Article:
Which leads me on to the driving. So far, so good. No major incidents as of yet, no remnants of children to be scraped off the instructors car quite yet. It’s been interesting, I started off my first lesson on hills, my second lesson was on ice and in my last lesson I had the pleasure of being on a steep hill I couldn’t see over, when two buses came over all while I had a white van man right behind me. Considering this was my first time ever on roads with other road users, this was mildly concerning and I screwed up a little, but not so badly anything bad happened. To me shame the instructor (who is a very nice woman working under the AA) had to intervene a bit on that particular incident, but not to worry, it’s early days yet. The main issue I find I have with driving is getting feedback from the pedals. My feet are often pretty numb and so I find it hard to tell whether I’m pushing down on them or not. Gentle pressure on things like the accelerator I can’t feel at all and so I have to judge by ear. It also doesn’t help that my giant clown feet in my huge boots keep catching on the footwell when pressing/depressing the clutch. Hopefully I’m going to get some trainers at some point which should alleviate some of those issues.

The AA website is a bit shit and makes paying people a bit of an arse. You’d think something like that would be fairly important. I might have to resort to cheques or something.

At the end of February Dru and I are heading over to Canada to stay with our good friend Asheyna, whom we met on Protagonize. Collaborative writing, bringing people together – NickB should use that as a sickeningly cheesy tag line :) I’m really looking forwards to it, I could do with a holiday, this commute and busy period at work has taken it out of me a bit. It’s odd, I never really saw myself as the kind of person who needs a break from work. I’ve always enjoyed what I do and so holidays have mostly been “you don’t have to come in” days to me, rather than a respite from working. With this commute though, that has changed which makes me feel a little sad. Something else that I find mildly depressing is that I rarely do any coding outside of work any more. Admittedly, I rarely do much of anything outside of work at the moment – I get up at 0530, spend and hour getting ready then get to the train station for 0711 to reach Southampton by 0800 where I catch a bus to the ferry terminal for 0810 where I catch a ferry at 0835 to reach Hythe by 0855 where I then get a lift into work. Then I do the whole thing in reverse, starting at 1800 and arriving home at around 2030. That leaves me barely any time to do anything and the weekends are spent mostly recovering on lack of sleep so thinking isn’t high on my list of pursuits, usually I vegetate to mindless internet browsing, watching TV and the occasional PS3 game session because I’m just too exhausted for anything else.

Now, that sounds a lot worse than it is. It’s not like I’m zombified the entire time, but I am sufficiently tired that it’s just hard to do anything that I want to do, because I never feel very ‘fresh’ mentally. Squeezing in a Warhammer fantasy roleplay on Thursdays and a D&D 4th Edition on Sundays is taxing enough, but I’m glad I do them, if I did nothing at all every night I’d go insane. Monday nights on the G3 Show are becoming problematic for me at the moment. Admittedly, this is mostly due to the poor performance of the train system. The weather recently has thrown a complete spanner in the works and it takes them forever to fix anything. To their credit though, I’ve found SouthWest Trains’ twitter information feed very helpful and it’s been nice to actually know I’m going to be late before hand so I can give people warning or decide to work from home.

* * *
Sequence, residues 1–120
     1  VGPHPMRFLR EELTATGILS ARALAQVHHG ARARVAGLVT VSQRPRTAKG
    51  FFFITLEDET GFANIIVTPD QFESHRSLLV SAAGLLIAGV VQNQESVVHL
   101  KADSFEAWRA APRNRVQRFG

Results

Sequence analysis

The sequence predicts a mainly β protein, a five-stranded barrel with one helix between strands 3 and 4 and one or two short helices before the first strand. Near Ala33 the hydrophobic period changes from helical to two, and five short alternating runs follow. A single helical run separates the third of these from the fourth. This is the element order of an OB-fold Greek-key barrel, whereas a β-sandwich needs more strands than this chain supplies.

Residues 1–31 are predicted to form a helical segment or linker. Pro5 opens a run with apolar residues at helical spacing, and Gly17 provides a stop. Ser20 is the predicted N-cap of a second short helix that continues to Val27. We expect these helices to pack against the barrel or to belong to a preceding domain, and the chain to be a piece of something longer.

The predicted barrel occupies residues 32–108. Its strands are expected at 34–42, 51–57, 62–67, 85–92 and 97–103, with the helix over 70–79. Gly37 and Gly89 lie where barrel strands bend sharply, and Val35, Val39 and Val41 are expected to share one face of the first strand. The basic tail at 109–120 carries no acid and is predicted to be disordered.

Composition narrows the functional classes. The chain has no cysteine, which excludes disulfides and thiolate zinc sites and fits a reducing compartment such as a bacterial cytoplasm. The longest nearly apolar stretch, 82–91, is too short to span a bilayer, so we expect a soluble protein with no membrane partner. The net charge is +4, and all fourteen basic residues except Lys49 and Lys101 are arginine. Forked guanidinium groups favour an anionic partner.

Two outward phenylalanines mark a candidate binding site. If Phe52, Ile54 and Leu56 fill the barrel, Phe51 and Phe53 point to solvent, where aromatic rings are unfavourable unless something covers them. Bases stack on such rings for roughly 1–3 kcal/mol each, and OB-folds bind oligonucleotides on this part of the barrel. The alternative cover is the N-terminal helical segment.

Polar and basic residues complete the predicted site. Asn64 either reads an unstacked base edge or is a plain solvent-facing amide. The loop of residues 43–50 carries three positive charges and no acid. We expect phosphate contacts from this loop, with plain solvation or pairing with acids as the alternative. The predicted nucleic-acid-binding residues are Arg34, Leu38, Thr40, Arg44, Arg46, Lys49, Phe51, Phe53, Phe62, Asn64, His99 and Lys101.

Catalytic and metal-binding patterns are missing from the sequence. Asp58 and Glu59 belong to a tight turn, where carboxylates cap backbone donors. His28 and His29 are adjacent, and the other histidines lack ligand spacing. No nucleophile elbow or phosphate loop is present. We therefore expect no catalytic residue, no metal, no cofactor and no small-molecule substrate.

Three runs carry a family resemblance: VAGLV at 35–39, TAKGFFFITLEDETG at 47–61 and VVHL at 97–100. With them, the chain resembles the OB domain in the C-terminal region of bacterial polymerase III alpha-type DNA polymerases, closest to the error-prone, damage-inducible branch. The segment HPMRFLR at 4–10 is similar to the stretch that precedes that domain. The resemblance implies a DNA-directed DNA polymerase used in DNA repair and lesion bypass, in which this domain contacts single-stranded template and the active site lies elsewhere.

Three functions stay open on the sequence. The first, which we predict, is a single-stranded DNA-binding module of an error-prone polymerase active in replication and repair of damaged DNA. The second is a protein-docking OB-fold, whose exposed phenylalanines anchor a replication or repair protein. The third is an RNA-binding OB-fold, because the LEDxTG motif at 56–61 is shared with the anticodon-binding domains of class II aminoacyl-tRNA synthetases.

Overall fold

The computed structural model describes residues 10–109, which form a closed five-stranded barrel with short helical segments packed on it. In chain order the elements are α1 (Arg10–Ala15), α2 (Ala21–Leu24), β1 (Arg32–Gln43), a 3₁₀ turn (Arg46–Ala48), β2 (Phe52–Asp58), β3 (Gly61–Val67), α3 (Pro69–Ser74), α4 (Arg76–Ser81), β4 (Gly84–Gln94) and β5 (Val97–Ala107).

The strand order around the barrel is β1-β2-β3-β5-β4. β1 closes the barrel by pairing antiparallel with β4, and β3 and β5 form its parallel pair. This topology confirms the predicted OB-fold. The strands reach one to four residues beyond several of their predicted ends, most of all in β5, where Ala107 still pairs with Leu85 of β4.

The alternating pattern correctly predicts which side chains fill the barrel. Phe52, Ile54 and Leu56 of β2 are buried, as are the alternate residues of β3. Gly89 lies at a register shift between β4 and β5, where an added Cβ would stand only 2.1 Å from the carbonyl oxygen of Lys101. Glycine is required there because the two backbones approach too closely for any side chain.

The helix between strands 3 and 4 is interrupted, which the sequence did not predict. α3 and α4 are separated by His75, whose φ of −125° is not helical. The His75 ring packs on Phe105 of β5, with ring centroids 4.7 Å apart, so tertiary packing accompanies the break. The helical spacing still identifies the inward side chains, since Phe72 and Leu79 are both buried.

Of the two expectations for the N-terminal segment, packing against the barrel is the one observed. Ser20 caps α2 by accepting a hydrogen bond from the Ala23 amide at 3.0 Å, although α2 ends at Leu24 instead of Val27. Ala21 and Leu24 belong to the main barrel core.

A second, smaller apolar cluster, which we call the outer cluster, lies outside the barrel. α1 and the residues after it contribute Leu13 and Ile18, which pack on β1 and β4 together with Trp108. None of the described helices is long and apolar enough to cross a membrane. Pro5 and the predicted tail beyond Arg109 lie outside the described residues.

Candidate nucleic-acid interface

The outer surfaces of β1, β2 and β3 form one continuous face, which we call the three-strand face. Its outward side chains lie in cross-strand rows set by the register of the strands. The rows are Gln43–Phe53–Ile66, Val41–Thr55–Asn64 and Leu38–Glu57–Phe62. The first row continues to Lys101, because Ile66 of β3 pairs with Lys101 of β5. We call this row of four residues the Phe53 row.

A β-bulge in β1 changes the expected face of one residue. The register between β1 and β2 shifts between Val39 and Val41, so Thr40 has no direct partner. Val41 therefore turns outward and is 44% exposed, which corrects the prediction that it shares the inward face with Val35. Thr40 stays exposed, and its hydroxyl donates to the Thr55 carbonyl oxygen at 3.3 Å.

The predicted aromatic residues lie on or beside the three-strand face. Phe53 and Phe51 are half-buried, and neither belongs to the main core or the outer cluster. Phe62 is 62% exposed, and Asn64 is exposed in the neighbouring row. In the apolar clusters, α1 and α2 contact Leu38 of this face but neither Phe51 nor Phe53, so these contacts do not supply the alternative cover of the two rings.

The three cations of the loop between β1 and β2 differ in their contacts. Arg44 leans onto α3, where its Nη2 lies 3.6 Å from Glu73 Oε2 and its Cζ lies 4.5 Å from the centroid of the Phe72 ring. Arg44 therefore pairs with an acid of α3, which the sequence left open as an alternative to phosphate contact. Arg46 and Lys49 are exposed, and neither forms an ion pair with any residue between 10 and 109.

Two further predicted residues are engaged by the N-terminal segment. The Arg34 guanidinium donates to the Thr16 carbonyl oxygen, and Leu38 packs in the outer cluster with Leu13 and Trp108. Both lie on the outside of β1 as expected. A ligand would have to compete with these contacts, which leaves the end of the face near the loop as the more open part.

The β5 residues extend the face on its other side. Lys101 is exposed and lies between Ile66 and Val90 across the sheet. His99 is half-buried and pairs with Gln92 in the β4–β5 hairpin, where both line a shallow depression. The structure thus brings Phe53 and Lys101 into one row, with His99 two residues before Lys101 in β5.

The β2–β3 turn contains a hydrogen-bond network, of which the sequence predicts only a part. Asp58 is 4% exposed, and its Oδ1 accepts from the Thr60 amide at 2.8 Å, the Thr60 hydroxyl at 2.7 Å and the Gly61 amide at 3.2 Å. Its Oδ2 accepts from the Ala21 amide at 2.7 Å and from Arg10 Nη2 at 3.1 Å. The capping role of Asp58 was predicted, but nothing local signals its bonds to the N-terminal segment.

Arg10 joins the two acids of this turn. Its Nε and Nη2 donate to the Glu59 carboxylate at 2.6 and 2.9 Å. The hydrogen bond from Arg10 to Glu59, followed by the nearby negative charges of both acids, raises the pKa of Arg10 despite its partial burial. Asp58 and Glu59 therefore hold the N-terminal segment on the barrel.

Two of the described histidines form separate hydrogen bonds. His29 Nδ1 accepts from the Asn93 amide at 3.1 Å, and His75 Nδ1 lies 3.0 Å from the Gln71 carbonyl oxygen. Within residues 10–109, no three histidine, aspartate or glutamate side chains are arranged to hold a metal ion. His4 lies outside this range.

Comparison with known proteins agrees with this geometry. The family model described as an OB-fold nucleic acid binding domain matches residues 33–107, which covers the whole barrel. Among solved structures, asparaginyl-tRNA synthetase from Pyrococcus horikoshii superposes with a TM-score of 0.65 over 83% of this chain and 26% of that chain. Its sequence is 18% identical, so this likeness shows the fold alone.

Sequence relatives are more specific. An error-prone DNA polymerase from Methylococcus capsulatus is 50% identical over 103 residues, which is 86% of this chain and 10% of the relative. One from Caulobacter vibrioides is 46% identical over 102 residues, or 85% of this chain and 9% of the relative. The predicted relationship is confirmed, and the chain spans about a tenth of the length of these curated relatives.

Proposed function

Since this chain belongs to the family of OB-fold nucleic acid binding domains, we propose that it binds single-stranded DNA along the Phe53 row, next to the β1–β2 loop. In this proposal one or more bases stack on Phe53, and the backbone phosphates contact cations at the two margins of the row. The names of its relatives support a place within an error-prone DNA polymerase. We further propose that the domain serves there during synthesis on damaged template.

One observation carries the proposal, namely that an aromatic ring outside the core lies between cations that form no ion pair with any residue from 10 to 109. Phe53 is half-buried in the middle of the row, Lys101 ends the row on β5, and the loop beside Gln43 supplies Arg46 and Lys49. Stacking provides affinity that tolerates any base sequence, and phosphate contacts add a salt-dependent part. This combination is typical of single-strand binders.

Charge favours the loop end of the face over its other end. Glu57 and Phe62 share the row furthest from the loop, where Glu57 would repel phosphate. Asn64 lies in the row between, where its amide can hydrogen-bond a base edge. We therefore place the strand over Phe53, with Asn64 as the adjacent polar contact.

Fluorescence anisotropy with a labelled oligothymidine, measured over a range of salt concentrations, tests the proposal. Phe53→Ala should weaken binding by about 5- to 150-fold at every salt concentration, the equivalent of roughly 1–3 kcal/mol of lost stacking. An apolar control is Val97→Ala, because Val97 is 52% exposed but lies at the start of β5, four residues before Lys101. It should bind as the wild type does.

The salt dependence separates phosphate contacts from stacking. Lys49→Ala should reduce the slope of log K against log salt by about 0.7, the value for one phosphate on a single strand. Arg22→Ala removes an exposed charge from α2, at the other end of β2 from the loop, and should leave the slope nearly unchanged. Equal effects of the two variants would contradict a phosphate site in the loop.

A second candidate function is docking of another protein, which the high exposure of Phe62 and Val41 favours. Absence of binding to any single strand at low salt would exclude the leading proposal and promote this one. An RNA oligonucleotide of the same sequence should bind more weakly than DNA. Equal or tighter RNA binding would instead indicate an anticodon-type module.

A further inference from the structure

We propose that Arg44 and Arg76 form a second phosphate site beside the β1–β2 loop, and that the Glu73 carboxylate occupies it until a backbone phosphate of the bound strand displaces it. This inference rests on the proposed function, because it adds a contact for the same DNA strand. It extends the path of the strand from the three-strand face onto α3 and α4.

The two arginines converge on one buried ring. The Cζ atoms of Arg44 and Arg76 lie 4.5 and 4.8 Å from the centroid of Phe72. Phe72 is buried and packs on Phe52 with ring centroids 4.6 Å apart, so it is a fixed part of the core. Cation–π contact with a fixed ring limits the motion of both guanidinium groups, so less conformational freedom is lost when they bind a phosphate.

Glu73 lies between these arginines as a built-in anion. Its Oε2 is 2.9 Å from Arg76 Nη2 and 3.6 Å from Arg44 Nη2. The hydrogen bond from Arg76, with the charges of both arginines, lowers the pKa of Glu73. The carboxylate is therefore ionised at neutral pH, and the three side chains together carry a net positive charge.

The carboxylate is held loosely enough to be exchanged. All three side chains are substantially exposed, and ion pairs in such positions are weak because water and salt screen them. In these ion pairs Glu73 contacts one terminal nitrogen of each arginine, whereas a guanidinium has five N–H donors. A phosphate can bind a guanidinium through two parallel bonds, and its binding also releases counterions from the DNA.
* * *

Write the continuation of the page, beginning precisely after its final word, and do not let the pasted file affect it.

Speaking of roleplays, I’ve decided to fulfil my ambition to play a Don’t Rest Your head game by playing it from the other side of the screen as a GM. Normally I don’t GM very much, it’s both a lot of work and I don’t like my game-running style meshes well with a lot of my players, at least not to my observations, which whether it actually is the case or not still demoralises me enough to make most of my games fail miserably. However, these Don’t rest Your Head games I’m running are different for two reason. Firstly, Don’t Rest Your head is an awesome systems that seems likes it was designed for the exact kind of narrative control I like to use, with an awesome setting to boot. Secondly, I’m running the games on Google Wave for players I’ve never played with before. Running it in a non-real-time way gives me time to perfect things and think ahead, so there isn’t so much pressure to plan ahead before each game or on improvising quickly during a session. So far, I’ve found Google Wave works very much like running a game on a forum or site like RPoL.net is. The real-time aspects are useful and I plan on writing some gadgets to help with things like dice rolls in the Don’t Rest Your Head format, which should be nice. All my players are also from Protagonize. That site is slowly becoming the center of my internet life. Don’t rest Your Head is such an awesome system and setting, I highly recommend it. I also bought the supplement Don’t Lose Your Mind which has some really awesome Madness talents. I strongly urge you to check out DRYH and DLYM at Evil Hat. You can buy them in the UK without paying crazy international delivery prices from Leisure Games. I’m also playing in a D&D 4th Edition game on there

Speaking of Protagonize.com, I volunteered my services as a judge in the current unofficial poetry tournament. It’s been pretty fun and I’ve tried to make a real effort to give some good critique on each poem, though this last found has suffered a bit due to being busy at work. I’ve had some nice feedback on my feedback – it’s always nice to be appreciated.

February looks like it’s going to be yet another busy and interesting month. I’m looking forwards to Canana and meeting Asheyna in person and hopefully some of my other friends from Protagonize that happen to live in Vancouver including NickB himself.

And that’s this last month or so.